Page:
He Offers Voters The Real Deal, 31st District Candidate Tillman Says

(April 6)  Danny Tillman said he believes he represents the most down-to-earth and qualified of the seven candidates vying for Congress in the 31st District.
Tillman, a Democrat, is joined by three other Democrats – Joe Baca, Eloise Reyes Gomez and Pete Aguilar – as well as three Republicans – Lesli Gooch, Paul Chabot and ryan Downing – in the race to succeed incumbent Gary Miller, who announced in February he will not seek reelection. The 31st District, which stretches from Rancho Cucamonga through a large portion of Fontana, Rialto, Colton, and San Bernardino to Redlands, has demographics that favor the Democratic Party.  Of its registered voters, 127,690 or 41 percent, are affiliated with the Democratic Party.  Registered Republicans in the district number 104,938, or 33.7 percent.
Tillman, a member of the San Bernardino City Unified School Distric Board of Trustees for 19 years and for 34 years an employee with San Bernardino County where he is currently the head of the Human Services Division, said he is a superior candidate for Congress because of his “perspective. I know the needs of this area.  I have two big things I will focus on in Washington, D.C. I will help lure businesses that will create jobs. And I am concerned about young people not being able to get employment. We have to invest in keeping our youth on top of the latest technology. We have to help them see how the things they involve themselves in and pick up naturally can be filled out with technical training that will make them employable. And we need to stop the things that keep them from being employable.”
The biggest challenge facing the district right now, Tillman said, is that “We don’t have people going to Washington, D.C. for us who have as their concern our problems. I am involved at the grass roots. I will talk to different companies who are limited in the way they perceive us. I will tell them and show them the story that never gets told. This is a place to locate your business if you need highly skilled workers. We do not need to build a more educated work force. That work force already exists here. Our workers are driving into Los Angeles every day. I want to convince those corporations who can that they should locate right here so people don’t have to spend five hours a day going to and coming back from Los Angeles.”
For nearly two decades, Tillman said, he has demonstrated, as a member of the school board, his value to the community and his ability as a leader.
“When I ran for the school board, I had no idea about how important the budget and finances were in terms of keeping the district’s educational mission going,” he said. “I had to learn that and I learned it quickly. We have kept a positive certification for 19 years and every year we see more students successfully complete their educations. I had not realized how big a part of that maintaining our budget is. But we have maintained it. The city [of San Bernardino, which filed for Chapter 9 protection in 2012] is bankrupt but the school district is the furthest thing from being bankrupt. None of the others in this race have the demonstrated track record that I have. I have what it takes for dealing with the real world problems facing this area. Once I get to Washington, D.C., based on my skill set, I can accomplish a lot more than those running against me. They have some backing and they have professional handlers and every buzz word in the book, but when it comes down to it, I have concern and experience that is proved. People are talking about my reputation. My reputation is for asking questions. People fear me because I always get to the crux of the motivation of why people do things.”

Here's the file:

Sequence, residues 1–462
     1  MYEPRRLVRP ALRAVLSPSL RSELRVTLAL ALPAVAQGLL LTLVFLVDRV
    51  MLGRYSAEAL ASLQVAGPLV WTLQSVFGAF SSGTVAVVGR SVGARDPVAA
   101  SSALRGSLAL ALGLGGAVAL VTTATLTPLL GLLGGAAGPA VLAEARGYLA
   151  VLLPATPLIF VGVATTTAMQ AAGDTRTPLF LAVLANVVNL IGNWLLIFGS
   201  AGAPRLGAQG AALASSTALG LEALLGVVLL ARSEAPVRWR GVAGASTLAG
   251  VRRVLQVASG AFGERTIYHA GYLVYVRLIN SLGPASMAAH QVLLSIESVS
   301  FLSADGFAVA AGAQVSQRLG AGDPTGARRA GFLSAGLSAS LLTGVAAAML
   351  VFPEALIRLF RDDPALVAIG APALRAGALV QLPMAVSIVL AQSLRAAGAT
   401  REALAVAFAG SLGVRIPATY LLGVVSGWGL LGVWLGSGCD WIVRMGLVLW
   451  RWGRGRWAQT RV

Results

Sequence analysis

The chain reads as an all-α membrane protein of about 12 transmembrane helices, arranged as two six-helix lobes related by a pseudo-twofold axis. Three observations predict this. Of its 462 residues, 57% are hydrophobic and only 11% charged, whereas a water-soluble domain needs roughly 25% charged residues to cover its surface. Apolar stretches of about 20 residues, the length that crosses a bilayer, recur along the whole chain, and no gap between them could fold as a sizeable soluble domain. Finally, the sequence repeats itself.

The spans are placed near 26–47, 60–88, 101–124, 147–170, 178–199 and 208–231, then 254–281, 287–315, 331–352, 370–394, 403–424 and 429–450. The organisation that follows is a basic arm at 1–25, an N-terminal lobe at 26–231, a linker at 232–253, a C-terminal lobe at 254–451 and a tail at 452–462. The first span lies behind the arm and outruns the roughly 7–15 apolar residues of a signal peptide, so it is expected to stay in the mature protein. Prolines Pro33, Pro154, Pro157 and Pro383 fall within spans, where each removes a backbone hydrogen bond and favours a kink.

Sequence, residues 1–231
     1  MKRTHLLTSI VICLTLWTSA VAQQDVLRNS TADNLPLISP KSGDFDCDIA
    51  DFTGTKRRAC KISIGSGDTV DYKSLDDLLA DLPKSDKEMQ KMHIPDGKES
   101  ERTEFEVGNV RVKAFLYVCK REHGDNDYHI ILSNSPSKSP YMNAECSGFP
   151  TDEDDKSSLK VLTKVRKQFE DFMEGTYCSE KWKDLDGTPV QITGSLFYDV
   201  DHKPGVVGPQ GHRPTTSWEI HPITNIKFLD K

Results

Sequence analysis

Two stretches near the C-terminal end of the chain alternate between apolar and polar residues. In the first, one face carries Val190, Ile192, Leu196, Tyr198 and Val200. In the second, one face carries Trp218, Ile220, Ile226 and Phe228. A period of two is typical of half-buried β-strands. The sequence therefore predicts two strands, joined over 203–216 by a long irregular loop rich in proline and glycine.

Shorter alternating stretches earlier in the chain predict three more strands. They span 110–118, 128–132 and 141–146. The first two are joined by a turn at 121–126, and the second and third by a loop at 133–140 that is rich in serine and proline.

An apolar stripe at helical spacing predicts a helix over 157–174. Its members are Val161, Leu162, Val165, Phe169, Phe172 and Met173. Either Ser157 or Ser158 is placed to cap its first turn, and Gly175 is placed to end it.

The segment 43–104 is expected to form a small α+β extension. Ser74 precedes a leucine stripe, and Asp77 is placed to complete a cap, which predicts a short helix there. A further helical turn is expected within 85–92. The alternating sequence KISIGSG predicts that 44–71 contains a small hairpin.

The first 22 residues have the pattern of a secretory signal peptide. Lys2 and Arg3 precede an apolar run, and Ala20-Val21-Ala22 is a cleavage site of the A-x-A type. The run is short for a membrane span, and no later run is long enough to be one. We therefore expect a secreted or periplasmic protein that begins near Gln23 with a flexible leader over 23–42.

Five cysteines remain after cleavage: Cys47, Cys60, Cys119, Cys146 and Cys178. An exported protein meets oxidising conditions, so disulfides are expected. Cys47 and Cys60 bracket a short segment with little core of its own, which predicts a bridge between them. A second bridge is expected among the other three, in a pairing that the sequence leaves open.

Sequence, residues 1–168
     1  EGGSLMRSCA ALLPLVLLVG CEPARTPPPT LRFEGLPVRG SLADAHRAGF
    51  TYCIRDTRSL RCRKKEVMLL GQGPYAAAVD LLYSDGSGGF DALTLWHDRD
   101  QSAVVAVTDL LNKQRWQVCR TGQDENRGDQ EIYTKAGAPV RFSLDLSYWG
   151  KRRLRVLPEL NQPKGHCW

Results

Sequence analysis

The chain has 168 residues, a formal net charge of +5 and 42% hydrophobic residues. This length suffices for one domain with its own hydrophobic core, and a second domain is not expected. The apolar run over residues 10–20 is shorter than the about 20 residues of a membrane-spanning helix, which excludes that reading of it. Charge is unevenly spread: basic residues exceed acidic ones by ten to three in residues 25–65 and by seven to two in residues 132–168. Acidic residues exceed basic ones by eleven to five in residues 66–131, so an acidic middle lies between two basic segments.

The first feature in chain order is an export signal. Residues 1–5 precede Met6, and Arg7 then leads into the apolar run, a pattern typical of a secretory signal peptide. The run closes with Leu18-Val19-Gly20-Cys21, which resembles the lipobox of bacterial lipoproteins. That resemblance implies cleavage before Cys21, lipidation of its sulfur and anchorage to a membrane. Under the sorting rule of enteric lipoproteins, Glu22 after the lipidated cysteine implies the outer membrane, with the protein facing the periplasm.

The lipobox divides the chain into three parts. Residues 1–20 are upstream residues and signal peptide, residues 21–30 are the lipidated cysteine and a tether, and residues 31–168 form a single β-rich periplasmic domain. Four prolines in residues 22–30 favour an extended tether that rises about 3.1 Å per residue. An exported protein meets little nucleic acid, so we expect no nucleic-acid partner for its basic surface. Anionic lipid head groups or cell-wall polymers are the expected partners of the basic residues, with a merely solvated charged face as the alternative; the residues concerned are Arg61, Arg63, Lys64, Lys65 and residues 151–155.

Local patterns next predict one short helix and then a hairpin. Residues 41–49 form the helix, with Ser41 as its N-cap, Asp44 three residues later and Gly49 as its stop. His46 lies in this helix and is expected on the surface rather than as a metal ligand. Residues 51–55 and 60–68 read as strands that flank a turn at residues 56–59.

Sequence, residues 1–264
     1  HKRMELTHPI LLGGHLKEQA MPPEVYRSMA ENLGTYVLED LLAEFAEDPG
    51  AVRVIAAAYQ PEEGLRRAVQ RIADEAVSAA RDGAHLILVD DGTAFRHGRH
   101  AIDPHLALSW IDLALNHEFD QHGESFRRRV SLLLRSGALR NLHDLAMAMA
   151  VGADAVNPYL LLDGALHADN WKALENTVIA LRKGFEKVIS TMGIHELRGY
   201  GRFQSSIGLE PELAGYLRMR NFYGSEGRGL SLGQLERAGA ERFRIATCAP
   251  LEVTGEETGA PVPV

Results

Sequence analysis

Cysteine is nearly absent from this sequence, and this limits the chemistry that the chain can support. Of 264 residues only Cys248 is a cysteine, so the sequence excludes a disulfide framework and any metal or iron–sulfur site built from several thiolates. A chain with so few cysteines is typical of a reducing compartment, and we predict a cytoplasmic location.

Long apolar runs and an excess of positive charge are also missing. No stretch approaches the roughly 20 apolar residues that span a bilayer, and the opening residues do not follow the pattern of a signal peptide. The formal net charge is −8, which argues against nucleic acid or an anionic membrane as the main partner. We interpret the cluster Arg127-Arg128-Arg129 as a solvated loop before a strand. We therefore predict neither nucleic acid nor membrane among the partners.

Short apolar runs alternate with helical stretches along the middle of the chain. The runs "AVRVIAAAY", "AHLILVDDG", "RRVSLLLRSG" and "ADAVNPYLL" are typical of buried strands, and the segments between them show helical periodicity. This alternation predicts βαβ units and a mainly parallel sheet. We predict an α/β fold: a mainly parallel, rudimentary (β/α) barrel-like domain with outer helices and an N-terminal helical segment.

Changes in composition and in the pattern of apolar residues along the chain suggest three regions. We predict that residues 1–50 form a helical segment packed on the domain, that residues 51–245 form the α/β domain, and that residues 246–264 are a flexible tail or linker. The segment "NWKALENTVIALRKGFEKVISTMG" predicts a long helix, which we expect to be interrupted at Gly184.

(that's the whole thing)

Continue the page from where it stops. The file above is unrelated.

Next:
With regard to national issues he is passionate about, Tillman said he is against military action in all but the most dire of threatening circumstances against the American national interest.
“If we are going to have our troops put their lives on the line, we better be investing in that risk for the right reason,” he said. “I am not comfortable in having that decision fall to those folks I am running against. When you hear my competitors speak, it is obvious they are saying what they are told by their handlers. It won’t be different when they get to Congress. They will do just as they are told by the folks who have dined them and want them in that position only so they can control them. They have memorized what they are supposed to say. Look at their experience and their track record. The things they say do not go together with their experience. It is a scary scenario for me to contemplate any of them going to Congress. I am truly excited about what my campaign stands for. I invite those supporting my opponents now to examine my record and compare their candidate with scripted speeches to someone who has his own original ideas. I invite them to support a true grassroots effort and be on a winning team.”
Tillman dismissed suggestions that by being in the race he was helping to divide the Democratic vote and was tempting a repeat of the scenario in 2012 when Miller, a Republican, was able to gain election despite the registration advantage the Democrats enjoy in the district.
“That won’t happen,” he said about the possibility that two of the Republicans might end up outpolling the Democrats in the June primary.
Born and raised in San Bernardino, Tillman attended San Bernardino High School, San Bernardino Valley College and San Bernardino State, where he obtained his degree in business administration. He is married with four children.

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